Cost Savings

In addition to the expected $50 million improvement in annual operation income, ATI expects $50 million of cash flow to be generated when the titanium sponge inventory is reduced over the next several quarters.

Although the Rowley facility is a gem in the ATI facilities portfolio, global market dynamics have caused ATI to seek more cost effective ways to provide titanium sponge for its downstream operations. Harshman remains committed to returning ATI to sustainable, profitable growth and improved cash flow.

Harshman characterized the decisions pertaining to its titanium business as being part of disciplined process which reviews all ATI operations from both a strategic and cost competitiveness standpoint, while considering future market conditions.

“This disciplined process is a key part of our commitment to make the tough decisions that are required to strengthen and enhance ATI’s ability to deliver sustainable, profitable growth, and create value for our customers and our shareholders over the long-term,” he said.

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In the last year, ATI has chosen to exit unprofitable products in its Flat-Rolled Products (FRP) business: it has exited the grain-oriented electrical steel (GOES) as well as commodity stainless steel markets. The decisions ATI has made with regard to its titanium business are still attractive to the company; however, the way in which they produce its products has to be streamlined and optimized to reflect current market conditions.

August MMI: The Bulls Are Loose in Metals

We rarely see such positive growth in metal prices as we did in the August MMI Price Trends Report.


All the metals we track were up save for Aluminum, which fell only 1.3%, and renewables and rare earths, which held flat. The Stainless Steel MMI increased 9% amid uncertainty about Chinese nickel ore supply after mining crackdowns in top supplier, the Philippines.

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Meanwhile, the most bullish of bull runs continued for our Global Precious MMI which added a 7.2% increase to its jump last month to knock on the door of the top 10% of the IndX. The platinum group metals had strong increases along with gold and silver this month.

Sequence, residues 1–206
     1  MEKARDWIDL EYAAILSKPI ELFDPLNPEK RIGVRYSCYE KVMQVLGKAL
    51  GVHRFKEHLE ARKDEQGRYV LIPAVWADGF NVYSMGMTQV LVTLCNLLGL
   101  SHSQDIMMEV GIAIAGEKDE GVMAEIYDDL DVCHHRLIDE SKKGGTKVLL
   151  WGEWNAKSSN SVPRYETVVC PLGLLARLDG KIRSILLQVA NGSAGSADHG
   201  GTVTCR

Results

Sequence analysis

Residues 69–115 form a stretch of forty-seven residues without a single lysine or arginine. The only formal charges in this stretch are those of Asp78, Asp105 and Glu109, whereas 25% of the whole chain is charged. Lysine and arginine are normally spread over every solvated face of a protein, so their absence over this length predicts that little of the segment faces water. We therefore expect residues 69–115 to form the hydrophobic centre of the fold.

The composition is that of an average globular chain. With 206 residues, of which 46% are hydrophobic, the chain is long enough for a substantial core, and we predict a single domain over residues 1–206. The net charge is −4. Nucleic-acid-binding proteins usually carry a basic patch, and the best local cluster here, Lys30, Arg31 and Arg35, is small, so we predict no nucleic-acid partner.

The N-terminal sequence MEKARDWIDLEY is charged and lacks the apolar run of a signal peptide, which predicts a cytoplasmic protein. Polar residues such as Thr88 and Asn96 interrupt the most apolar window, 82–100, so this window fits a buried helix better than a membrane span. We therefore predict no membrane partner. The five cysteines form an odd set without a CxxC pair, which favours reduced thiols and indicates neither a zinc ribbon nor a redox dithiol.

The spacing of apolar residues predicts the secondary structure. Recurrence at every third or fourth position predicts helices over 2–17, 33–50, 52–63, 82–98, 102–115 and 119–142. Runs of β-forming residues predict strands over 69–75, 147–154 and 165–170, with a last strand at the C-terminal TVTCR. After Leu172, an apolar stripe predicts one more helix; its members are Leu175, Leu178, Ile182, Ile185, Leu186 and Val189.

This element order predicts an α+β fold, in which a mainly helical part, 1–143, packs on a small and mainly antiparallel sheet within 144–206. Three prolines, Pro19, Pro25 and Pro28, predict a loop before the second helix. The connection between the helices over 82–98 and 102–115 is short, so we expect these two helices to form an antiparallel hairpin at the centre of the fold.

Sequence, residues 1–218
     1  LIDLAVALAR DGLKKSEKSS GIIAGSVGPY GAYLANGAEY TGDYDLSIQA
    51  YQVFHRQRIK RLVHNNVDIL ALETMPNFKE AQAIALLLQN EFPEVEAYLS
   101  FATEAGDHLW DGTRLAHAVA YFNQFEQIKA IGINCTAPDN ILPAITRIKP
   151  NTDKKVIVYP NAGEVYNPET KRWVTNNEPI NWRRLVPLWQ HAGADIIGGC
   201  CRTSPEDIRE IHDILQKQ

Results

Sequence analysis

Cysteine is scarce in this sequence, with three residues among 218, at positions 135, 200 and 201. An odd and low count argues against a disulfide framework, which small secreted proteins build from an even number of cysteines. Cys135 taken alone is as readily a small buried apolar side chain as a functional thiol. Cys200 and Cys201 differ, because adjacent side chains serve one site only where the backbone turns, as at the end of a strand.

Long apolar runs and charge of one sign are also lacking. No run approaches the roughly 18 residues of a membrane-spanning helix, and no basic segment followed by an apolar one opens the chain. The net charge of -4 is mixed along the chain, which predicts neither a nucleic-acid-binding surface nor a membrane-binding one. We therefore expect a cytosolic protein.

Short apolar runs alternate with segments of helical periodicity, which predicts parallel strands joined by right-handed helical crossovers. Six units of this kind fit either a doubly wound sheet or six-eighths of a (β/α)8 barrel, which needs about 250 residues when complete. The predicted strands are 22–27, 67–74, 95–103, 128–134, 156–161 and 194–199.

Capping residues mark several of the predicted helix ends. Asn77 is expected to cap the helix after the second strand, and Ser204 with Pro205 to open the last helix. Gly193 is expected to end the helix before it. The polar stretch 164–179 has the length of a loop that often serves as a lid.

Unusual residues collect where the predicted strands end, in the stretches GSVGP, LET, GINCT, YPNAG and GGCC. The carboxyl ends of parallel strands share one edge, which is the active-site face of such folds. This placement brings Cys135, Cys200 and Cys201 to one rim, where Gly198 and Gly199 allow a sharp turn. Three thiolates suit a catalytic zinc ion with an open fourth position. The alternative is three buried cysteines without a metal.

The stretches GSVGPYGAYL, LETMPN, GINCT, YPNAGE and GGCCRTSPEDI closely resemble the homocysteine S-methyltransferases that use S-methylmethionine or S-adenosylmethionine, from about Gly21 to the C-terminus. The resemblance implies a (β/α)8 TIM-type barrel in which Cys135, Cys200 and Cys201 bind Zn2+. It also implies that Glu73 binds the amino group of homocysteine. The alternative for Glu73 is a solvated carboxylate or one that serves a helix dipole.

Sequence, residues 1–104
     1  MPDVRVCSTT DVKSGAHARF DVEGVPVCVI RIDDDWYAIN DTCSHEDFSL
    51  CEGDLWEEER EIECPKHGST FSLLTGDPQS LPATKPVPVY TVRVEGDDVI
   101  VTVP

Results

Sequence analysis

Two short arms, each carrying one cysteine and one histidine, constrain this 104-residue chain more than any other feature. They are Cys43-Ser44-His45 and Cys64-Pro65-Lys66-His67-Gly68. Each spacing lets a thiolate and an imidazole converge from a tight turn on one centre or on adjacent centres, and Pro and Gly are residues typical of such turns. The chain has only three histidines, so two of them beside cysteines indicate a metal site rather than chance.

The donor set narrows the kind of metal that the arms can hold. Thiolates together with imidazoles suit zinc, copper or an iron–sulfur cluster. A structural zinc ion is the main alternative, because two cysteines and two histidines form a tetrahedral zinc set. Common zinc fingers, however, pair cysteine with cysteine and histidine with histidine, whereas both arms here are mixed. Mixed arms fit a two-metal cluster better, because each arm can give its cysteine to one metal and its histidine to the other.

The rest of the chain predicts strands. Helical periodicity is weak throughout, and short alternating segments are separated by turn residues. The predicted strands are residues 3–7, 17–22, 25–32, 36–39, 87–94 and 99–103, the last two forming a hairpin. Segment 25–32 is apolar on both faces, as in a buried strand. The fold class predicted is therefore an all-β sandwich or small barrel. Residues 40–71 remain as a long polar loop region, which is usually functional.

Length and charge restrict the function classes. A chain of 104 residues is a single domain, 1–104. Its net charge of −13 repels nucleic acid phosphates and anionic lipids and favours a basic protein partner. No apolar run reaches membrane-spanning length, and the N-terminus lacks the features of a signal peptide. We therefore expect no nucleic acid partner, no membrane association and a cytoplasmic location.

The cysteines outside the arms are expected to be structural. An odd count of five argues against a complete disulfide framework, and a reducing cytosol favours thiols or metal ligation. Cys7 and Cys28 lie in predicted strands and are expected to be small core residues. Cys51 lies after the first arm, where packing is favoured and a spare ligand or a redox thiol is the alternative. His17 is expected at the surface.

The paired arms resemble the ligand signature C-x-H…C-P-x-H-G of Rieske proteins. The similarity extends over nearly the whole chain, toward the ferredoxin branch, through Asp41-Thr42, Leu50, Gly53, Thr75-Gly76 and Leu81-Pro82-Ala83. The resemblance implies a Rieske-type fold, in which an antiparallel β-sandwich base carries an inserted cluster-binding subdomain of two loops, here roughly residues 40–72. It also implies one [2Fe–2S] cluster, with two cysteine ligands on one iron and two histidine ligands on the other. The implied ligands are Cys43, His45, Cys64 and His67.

[caption id="attachment_53163" align="alignleft" width="228"]Wall Street Bull “Hey metal buyers, remember me?” Wall Street bull courtesy of iStock.[/caption]

Palladium, particularly, made higher highs and stumbled to lower lows in classic bull market fashion.

So buy quickly before prices increase more, right? Wrong. Our Raw Steels MMI posted a healthy 4% increase, but it’s still heavily dependent on China’s stimulus programs to keep demand up in the largest global consumer of steel products. If there is a pullback in stimulus, prices could fall dramatically. The same is true for copper.

Unlike diamonds, bullish trends in commodities and industrial metals don’t last forever. Continue to make informed buying decisions in this thriving market — watch China’s stimulus program and the strength of the U.S. dollar post- Brexit — and remember that today’s price strength might be tomorrow’s carpet getting pulled out from under your feet.

[download-button url=”https://agmetalminer.com/monthly-report-price-index-trends-august-2016/”] Price Trends in the August MMI Report[/download-button]